In this modern age, I find it very difficult to believe the sacredness of marriage still exists. Reality TV celebrates wife swapping, celebrity marriages barely last as long as a paper bag in the rain (e.g., Britney Spears’ one-day marriage) and divorce rates are skyrocketing.
In that respect, the arguments for this holy state of matrimony existing solely between a man and woman on the grounds of being moral are ridiculous.
Though many people view homosexuality as a sin or immoral, I wonder why it matters so much to others whom another person sleeps with. Why don’t they realize love is just love?
The preoccupation in this country of who is doing what with whom and how they do it is alarming. In a place that claims such doctrines of liberty and freedom, one is not even granted the freedom to love any and everyone. There should be a distinction between “religious morality” and “humane morality.” Heterosexual people do not have a monopoly on “true love,” and the law should reflect not what people feel is “religious morality’s” right but that which is humanely moral and right under the law.
Another outcry from the anti-gay marriage movement claims homosexual matrimony is against God. Well folks, we live in a country, not in a church, and the laws of the church are separate from the laws of the land. Everyone in America is not a Christian or even religious. So this must also be examined in this consideration of rights.
Gay people are people. This should be understood and made clear. They are often hard-working, law-abiding, tax-paying citizens. Since gays pay taxes, taxes that include putting heterosexuals’ children through school, there should be some benefits for them as well. Our country was founded because colonists were taxed without representation in the government. Everyone is forced to pay taxes. Where are the benefits for gays who contribute to society?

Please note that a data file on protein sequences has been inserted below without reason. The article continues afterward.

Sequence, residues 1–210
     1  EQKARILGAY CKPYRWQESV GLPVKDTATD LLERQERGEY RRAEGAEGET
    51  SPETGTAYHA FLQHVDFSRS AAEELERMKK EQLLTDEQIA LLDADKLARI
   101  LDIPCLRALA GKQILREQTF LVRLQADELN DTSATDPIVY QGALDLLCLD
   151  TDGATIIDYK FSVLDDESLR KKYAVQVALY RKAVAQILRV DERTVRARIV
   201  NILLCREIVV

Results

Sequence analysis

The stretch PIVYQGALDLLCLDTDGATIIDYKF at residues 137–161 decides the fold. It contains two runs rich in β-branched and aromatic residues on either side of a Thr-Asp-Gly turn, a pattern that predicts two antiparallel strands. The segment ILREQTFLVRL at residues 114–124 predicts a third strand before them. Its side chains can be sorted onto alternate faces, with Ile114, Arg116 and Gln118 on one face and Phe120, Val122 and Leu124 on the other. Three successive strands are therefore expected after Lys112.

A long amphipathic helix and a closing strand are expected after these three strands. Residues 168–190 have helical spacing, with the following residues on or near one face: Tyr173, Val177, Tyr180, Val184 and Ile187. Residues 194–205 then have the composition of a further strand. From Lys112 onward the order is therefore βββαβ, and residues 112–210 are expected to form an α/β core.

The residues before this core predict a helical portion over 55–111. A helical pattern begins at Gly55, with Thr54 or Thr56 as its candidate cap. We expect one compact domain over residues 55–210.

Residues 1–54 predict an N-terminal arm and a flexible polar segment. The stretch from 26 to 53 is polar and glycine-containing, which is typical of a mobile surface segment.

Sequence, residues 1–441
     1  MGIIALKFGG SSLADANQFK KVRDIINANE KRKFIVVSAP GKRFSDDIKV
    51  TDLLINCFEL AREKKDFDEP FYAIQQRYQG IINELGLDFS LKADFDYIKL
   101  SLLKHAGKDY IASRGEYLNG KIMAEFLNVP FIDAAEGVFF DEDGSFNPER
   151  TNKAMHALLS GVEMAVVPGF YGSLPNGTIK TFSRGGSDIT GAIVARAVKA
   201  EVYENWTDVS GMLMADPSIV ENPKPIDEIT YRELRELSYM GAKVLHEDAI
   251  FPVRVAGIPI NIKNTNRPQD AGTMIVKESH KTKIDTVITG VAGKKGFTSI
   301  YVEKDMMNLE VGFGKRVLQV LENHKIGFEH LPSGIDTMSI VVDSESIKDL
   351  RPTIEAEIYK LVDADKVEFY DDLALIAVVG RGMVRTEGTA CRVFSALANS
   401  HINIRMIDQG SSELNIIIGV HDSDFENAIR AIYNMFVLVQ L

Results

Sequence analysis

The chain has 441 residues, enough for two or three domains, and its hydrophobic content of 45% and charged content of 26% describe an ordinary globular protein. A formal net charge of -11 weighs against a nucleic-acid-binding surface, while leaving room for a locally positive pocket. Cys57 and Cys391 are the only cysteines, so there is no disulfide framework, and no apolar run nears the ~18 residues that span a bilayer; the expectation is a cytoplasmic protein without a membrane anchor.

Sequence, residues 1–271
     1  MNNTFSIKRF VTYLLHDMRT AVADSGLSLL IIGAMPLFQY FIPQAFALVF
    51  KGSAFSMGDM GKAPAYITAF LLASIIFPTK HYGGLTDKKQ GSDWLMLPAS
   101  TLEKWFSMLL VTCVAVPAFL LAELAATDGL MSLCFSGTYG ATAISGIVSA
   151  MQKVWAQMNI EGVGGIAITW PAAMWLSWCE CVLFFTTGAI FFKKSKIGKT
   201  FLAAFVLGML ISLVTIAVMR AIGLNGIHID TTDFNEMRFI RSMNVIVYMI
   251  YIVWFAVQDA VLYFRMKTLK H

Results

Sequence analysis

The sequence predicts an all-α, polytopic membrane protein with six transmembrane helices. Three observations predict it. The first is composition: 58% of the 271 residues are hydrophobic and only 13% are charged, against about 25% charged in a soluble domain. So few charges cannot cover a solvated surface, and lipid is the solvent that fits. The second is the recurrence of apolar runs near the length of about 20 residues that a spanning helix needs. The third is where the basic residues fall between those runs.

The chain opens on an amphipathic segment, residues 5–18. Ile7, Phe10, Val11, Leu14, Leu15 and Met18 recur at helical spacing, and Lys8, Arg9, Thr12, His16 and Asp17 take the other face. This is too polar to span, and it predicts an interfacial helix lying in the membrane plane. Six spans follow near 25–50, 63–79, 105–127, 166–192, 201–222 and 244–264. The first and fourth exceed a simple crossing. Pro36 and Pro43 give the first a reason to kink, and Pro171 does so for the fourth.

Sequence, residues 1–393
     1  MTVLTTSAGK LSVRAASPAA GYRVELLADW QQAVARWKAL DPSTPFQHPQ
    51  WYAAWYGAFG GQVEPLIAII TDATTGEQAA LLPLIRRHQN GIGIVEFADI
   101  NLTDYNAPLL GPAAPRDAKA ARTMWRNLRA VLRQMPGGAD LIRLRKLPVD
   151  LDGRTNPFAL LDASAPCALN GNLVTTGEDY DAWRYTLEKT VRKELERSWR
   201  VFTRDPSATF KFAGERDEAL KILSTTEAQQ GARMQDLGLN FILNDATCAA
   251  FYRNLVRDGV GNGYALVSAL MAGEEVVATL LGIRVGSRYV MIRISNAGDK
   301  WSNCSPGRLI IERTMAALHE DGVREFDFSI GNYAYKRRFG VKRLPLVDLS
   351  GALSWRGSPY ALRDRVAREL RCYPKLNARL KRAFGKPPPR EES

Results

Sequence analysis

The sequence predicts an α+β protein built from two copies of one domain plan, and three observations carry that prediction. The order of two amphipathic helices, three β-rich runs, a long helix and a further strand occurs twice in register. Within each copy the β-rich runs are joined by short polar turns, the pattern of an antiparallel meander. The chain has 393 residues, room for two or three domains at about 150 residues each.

Anti-gay marriage supporters often give arguments that allude to the sense that something will be taken away from the ideals of marriage. Gay people do not wish to take anything away from anyone; they just seek protection under the law for the life and goods they have accumulated together. Also, there is the issue of shared benefits and being able to make decisions for a partner when they are too ill to make choices for themselves. Which also adds to a gay person’s quality of life.
Gay people mean no harm to the institution of marriage; they just want to participate. If heterosexuals really want to give the “sacred” argument for the institution, I think a tremendous amount of Holy water is needed.
Mark Carter is a senior philosophy student from Tallahassee. Contact him at firstname.lastname@example.org.